Roof Ventilation and Moisture Frequently Asked Questions

In the house, the roof is one of the most important components, as well as often being the most expensive to repair. There are a number of problems that can occur as the result of a damaged roof and they are not just limited to leaks. Other common problems include build-ups of moisture, which in turn can drip onto the insulation and through the walls, as well as excessive heat and frost in the winter. In most cases, these sorts of problems are caused by an insufficient amount of ventilation in the attic area.

Frequently Asked Questions About Roof Ventilation

Why is Attic Ventilation Important?

In the Attic, ventilation is essential to ensure that there are no buildups of moisture and to allow heat to escape the roof. If the attic is improperly vented and moisture does begin to build up, it typically first shows up in black spots on the roof boards, which cause the wood rot and deteriorate.

In addition, moisture build ups can also cause the insulation to become damp, ruining it. Also, the moisture will also often transfer into the ceiling of the home, ruining the plasterboard and causing mildew. In some cases, the moisture will also travel through the walls, again causing damage to the plasterboard, as well as causing moisture buildups in the basement.

In the summer, if the roof gets too hot, it will damage the shingles, causing them to wear out faster, as well as making them more difficult to remove.

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What Are the Signs of Insufficient Ventilation in the Attic?

One of the first signs of insufficient ventilation in the attic is a black coloring of the boards on the roof, which the shingles are attached to. It can also appear as if water is dripping off of the nails in the roof.

Eventually, the insulation will also become moist and this moisture can extend into the ceiling of the home, as well as the walls and even basement. Often this will cause mildew as well.

In the winter, it is also common to see ice or frost in the attic.

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How Much Ventilation Do I Need?

The Federal Housing Administration(FHA), recommends having 1 square foot of unobstructed ventilation for every 150 square feet of floor space in the attic, providing the home does not have some sort of vapor barrier installed on the floor of the attic.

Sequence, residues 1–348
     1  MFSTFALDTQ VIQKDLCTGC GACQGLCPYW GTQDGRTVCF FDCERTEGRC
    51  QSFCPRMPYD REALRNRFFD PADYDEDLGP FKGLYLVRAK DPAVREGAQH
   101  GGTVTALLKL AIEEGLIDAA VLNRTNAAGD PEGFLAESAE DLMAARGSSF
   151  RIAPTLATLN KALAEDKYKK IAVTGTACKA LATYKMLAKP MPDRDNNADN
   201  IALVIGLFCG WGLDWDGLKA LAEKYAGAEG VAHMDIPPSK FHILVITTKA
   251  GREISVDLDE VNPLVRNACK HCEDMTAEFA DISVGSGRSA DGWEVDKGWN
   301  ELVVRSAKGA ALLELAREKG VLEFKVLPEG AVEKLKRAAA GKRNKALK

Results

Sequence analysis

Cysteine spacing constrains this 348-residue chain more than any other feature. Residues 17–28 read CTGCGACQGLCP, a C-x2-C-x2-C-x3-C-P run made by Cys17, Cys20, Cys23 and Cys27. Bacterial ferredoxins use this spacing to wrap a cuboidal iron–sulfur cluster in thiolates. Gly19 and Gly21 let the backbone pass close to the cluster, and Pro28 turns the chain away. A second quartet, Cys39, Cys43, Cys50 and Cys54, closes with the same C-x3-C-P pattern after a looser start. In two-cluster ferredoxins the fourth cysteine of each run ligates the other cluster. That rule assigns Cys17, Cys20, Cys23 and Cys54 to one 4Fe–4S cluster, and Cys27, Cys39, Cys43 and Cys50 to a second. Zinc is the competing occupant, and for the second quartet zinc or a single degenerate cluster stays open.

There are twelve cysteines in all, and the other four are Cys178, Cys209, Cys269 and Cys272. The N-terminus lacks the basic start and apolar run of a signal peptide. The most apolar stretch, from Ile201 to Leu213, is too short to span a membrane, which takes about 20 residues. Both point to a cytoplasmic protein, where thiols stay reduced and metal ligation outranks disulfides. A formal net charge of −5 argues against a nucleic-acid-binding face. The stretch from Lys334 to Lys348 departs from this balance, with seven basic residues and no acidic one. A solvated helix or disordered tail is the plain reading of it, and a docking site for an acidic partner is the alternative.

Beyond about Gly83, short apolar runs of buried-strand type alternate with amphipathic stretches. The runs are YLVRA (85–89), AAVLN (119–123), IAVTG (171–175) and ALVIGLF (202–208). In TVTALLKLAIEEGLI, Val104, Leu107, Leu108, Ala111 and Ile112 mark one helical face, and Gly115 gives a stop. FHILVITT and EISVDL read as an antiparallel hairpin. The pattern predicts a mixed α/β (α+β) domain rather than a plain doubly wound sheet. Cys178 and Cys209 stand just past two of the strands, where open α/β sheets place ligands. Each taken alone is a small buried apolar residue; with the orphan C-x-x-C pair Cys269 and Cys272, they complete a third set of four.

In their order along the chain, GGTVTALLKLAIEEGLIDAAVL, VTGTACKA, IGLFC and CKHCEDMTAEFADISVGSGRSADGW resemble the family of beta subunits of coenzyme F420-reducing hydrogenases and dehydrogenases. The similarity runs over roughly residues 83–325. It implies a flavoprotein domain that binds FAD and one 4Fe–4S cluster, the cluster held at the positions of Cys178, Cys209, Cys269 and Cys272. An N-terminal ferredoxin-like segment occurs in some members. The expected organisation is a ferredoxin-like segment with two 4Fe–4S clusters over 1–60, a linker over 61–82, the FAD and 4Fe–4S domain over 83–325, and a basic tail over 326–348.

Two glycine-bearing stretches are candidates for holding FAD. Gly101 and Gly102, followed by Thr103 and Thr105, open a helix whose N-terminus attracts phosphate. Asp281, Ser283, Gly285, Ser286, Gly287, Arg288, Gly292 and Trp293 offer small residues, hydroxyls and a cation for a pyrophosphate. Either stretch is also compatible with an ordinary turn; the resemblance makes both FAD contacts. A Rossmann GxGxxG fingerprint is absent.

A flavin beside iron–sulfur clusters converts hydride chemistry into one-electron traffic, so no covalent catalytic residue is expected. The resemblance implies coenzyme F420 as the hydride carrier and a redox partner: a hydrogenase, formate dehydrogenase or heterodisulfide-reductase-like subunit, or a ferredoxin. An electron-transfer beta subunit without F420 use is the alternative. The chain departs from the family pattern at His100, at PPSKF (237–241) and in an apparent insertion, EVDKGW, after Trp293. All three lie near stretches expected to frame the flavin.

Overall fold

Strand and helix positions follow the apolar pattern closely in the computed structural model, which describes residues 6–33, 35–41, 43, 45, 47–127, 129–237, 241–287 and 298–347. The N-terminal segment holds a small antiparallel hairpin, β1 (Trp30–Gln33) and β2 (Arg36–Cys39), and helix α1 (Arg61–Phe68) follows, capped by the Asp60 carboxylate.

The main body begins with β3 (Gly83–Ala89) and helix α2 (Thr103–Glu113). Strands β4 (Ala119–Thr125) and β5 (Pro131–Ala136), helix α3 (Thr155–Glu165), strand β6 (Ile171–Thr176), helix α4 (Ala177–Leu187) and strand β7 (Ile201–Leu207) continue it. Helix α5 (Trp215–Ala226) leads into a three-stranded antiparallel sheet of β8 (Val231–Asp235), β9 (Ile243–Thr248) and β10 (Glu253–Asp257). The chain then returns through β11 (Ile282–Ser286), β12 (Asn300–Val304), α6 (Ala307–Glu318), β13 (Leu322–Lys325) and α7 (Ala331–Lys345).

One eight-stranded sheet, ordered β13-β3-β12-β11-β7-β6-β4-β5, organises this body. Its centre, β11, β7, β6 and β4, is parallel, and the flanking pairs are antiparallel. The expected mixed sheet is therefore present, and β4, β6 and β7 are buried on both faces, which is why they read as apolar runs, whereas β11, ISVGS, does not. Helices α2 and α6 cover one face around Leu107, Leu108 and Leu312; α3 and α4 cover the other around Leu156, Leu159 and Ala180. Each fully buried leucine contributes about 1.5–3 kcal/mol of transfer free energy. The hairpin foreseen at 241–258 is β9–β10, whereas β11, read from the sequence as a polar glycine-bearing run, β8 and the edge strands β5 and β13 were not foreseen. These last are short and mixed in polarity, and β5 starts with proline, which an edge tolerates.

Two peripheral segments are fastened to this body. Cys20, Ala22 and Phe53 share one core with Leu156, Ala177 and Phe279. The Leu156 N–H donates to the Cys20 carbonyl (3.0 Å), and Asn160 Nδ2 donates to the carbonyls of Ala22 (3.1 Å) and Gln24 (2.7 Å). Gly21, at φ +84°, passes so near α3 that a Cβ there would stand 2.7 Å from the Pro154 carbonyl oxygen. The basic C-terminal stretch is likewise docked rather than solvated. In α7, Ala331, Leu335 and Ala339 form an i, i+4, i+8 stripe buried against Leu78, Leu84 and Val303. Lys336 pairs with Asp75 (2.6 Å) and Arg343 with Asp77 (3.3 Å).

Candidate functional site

A vapor barrier acts as a layer between the insulation and the roof, often simply in the form of a layer of plastic on top of the insulation. Some newer insulation will have a built in moisture barrier on it and wood can also act as a moisture barrier.

In homes with a vapor barrier, a 1/300 ration is recommended, which has one square foot of unobstructed opening for every 300 square feet of floor space in the attic.

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What are Gable Vents?

In the attic, there are a few options for attic ventilation. One of the most common in older homes is to have two windows on either end of the attic, which allow for a cross wind to blow under the roof. These are called gable vents and should be installed on both ends of the house. In older homes, Gable Vents were actually quite large and usually triangle shaped, following the A-Frame of the Roof. However, many newer homes have circular gable vents, which are much smaller.

Since, this can also allow rain or ice to blow into the roof, the gable vents will often have angled slats on them to prevent water from coming in, while still allowing air to freely pass into the window. This type of window is said to be louvered or is often simply referred to as louvers. When installing a louvered gable vent or any type of louver, it is important to remember that because of the slats, the window size is not the same as the amount of unobstructed ventilation. Louvers can often be closed as well, in the event of a heavy storm.

Sometimes, a powered gable vent is installed, which includes a fan on the attic side, which helps move air in the attic.

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What Are Soffit Vents?

The Soffit is the part of the roof that hangs over the wall of the house and usually extends at least a foot from the outside wall. A Soffit Vent is installed by cutting a hole in the soffit, which is facing down towards the ground.